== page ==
There exist situations of decision-making under information overload in the Internet, where people have an overwhelming number of available options to choose from, e.g. products to buy in an e-commerce site, or restaurants to visit in a large city. Recommender systems arose as a data-driven personalized decision support tool to assist users in these situations: they are able to process user-related data, filtering and recommending items based on the user's preferences, needs and/or behavior. Unlike most conventional recommender approaches where items are inanimate entities recommended to the users and success is solely determined upon the end user's reaction to the recommendation(s) received, in a Reciprocal Recommender System (RRS) users become the item being recommended to other users. Hence, both the end user and the user being recommended should accept the “matching” recommendation to yield a successful RRS performance. The operation of an RRS entails not only predicting accurate preference estimates upon user interaction data as classical recommenders do, but also calculating mutual compatibility between (pairs of) users, typically by applying fusion processes on unilateral user-to-user preference information. This paper presents a snapshot-style analysis of the extant literature that summarizes the state-of-the-art RRS research to date, focusing on the algorithms, fusion processes and fundamental characteristics of RRS, both inherited from conventional user-to-item recommendation models and those inherent to this emerging family of approaches. Representative RRS models are likewise highlighted. Following this, we discuss the challenges and opportunities for future research on RRSs, with special focus on (i) fusion strategies to account for reciprocity and (ii) emerging application domains related to social recommendation.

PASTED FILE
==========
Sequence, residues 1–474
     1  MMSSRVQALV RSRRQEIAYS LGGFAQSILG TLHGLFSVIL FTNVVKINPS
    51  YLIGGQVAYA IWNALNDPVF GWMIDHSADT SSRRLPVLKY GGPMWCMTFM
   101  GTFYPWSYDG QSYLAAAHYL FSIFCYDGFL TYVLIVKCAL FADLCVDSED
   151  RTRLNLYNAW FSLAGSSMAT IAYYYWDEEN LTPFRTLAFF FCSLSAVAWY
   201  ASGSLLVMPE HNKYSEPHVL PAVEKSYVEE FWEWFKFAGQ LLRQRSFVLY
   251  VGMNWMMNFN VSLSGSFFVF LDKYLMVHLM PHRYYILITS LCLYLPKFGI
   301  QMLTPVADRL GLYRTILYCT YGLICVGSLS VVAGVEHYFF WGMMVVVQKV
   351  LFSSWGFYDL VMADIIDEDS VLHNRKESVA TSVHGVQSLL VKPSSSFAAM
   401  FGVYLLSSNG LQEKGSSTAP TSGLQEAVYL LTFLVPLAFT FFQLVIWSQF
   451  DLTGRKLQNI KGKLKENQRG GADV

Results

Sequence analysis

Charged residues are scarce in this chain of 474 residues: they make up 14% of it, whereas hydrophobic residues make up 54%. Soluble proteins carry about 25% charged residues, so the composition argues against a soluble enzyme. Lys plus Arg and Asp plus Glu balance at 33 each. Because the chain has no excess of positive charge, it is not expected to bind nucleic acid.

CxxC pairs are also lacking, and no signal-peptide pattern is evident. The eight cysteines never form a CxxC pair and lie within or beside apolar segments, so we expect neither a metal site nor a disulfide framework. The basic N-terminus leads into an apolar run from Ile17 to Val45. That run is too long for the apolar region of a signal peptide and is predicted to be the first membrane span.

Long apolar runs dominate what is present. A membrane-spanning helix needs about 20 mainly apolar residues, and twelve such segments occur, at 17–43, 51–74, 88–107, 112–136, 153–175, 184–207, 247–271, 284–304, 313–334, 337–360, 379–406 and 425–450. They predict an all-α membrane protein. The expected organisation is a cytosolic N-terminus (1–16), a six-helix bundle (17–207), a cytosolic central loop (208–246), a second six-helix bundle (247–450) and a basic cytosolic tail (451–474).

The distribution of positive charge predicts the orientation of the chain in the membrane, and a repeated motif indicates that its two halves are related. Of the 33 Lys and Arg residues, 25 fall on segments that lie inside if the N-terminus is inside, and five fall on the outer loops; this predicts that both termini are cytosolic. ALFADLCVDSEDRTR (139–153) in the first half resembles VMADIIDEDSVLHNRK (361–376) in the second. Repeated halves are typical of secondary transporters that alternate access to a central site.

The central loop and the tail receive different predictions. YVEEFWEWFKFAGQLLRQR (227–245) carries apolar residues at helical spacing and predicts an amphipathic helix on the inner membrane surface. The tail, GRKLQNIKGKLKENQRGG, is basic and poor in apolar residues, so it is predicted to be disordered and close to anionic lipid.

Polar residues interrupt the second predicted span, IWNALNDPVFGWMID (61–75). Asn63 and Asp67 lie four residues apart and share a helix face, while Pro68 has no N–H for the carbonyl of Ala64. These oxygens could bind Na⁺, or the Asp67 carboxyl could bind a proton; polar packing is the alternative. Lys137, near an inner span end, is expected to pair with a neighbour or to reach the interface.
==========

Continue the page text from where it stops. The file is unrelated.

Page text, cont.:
All Science Journal Classification (ASJC) codes
- Signal Processing
- Information Systems
- Hardware and Architecture